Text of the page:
# NavList:

## A Community Devoted to the Preservation and Practice of Celestial Navigation and Other Methods of Traditional Wayfinding

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Re: Constructing A Logarithm Table
From: Frank Reed
Date: 2009 Jan 9, 21:17 -0800

```Hewitt, you wrote:

"Do you have to slog by trial through 90 degrees 1' of arc at a time or is there another way?"

First, I do believe you have just invented a better expression for those "S
Table" logarithms than Pepperday's "help numbers". They should be called
"slogs".

Historically, most of these tables were made by using other people's work. In
other words, you would find some algorithm that would generate the logarithms
you need in the fewest possible steps from other tables which had been
previously published. That may sound simple, but there's a real art to this.
To give a trivial example, suppose I want a table of logsecants. Well, since
the the secant is 1/cosine, if I can get a table of logcosines, then a
logsecant is just -logcosine or, the way they did things 200 years ago, it
would be 10-logcosine. That's not too much work. Also, in sections where the
rate of change is not too fast, you can do a lot of the work by differencing.
Also, differencing (comparing the difference between neighboring entries in
the table) is the best way to find errors.

The obvious disadvantage from trusting other people's tables is that you will
end up propagating their errors, if any. If you do "slog" through each
calculation by long-hand, you may end up discovering thousands of errors in
the published tables, usually in the insignificant final digit of a
logarithm. You can then use those discoveries when marketing your work by
claiming that previous works include "thousands of errors". Conveniently, you
can easily point to all of those errors since you've worked them out.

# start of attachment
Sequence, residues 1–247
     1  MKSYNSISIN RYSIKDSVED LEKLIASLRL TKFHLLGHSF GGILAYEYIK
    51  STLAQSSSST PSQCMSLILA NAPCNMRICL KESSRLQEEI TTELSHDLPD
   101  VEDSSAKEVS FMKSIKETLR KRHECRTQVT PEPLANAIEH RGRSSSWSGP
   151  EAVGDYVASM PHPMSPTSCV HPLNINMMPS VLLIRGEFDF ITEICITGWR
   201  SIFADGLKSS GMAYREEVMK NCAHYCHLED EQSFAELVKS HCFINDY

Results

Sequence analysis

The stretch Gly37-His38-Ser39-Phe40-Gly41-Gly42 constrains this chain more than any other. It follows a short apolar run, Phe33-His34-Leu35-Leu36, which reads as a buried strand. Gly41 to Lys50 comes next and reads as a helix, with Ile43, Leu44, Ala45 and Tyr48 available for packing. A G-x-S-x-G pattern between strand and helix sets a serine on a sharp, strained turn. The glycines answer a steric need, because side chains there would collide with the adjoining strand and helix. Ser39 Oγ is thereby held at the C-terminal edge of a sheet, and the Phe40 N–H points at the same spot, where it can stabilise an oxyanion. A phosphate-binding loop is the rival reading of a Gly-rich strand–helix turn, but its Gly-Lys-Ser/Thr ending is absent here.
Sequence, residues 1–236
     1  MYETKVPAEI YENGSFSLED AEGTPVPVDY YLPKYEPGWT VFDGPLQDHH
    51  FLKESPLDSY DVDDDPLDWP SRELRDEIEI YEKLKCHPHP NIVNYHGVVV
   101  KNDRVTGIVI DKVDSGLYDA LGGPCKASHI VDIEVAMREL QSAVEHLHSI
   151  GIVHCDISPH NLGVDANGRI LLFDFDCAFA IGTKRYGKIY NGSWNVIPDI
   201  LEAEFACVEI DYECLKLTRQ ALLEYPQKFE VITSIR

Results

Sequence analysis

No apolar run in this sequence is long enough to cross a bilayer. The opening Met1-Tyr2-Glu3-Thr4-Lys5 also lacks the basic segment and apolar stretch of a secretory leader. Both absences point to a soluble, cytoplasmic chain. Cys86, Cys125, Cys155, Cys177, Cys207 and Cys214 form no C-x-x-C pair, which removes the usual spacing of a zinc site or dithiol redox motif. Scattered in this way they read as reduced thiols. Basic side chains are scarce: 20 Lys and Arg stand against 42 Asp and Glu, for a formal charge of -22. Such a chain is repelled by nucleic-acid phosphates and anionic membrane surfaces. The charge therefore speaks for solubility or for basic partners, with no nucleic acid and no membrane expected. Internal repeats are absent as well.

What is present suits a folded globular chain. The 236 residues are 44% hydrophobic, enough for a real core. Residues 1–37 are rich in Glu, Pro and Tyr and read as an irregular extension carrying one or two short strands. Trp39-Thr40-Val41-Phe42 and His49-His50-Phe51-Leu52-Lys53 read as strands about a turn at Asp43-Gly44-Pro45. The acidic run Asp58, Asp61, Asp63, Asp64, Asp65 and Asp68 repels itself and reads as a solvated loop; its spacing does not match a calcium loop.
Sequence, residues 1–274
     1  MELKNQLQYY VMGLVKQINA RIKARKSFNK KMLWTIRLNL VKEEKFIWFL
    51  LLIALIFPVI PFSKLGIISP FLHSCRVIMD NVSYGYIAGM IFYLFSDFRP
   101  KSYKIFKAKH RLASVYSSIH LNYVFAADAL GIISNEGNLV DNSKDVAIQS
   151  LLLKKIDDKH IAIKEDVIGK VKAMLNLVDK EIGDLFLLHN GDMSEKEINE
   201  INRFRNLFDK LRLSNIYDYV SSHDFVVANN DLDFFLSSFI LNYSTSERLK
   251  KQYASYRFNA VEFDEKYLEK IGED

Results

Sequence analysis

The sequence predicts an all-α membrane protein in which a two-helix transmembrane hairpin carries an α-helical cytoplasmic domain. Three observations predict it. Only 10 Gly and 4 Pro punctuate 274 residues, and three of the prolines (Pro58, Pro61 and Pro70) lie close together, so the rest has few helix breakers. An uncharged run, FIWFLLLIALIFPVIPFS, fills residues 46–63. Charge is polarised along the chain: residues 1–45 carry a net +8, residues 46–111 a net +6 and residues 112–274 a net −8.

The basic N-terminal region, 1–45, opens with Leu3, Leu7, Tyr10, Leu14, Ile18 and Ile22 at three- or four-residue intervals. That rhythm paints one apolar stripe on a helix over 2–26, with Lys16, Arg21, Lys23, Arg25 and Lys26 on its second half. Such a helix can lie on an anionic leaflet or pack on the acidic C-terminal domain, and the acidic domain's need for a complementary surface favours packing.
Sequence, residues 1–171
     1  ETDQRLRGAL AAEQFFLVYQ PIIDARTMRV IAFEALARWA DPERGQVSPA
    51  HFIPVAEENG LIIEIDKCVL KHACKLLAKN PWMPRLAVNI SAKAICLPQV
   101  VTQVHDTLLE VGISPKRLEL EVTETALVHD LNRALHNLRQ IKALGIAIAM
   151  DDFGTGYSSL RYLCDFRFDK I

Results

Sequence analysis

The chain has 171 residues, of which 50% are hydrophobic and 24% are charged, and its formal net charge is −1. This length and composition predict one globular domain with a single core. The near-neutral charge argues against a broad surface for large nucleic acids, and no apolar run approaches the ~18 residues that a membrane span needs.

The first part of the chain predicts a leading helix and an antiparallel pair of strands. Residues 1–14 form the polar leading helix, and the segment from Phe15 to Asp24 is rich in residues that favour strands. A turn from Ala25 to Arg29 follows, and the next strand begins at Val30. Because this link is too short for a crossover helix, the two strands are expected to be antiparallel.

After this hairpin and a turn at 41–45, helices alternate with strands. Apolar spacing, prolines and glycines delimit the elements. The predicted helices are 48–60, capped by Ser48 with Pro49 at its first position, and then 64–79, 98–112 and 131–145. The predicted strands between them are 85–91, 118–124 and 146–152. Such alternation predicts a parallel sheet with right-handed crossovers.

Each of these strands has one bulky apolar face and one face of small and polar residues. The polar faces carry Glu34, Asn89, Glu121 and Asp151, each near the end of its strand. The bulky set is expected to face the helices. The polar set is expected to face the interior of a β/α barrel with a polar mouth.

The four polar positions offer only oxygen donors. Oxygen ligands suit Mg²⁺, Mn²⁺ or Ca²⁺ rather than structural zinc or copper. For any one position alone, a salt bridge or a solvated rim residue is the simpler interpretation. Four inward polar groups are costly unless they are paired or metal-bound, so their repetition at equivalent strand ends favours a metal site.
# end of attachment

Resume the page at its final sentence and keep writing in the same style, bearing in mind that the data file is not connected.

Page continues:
Meanwhile, anyone on the other side of the table would have to completely
re-calculate *your* tables to find the thousands of small errors, which
almost certainly have crept in, in your new tables.

And that's just how it went down back in 1799. Bowditch re-calculated many
standard tables in Moore's "New Practical Navigator" and found "thousands of
errors" (mostly totally insignificant) and his publisher Blunt used those
discoveries to market the "New American Practical Navigator".

To be fair, there were some other significant advantages of Bowditch's version
compared to Moore's. It was better written, in my opinion, though still very
much in an 18th century style. It included a modest improvement in lunar
calculations. And above all, it was "localized" for the American coasts and
shipping markets. Some would add that Bowditch also fixed the "leap year bug"
in Moore's book, but I think that's unfair since later editions of Moore had
already fixed that years before it became relevant (the bug was that earlier
editions had marked 1800 as a leap year in revolving tables of the Sun's
declination, but century years, like 1800, are not leap years, unless
divisible by 400).

-FER

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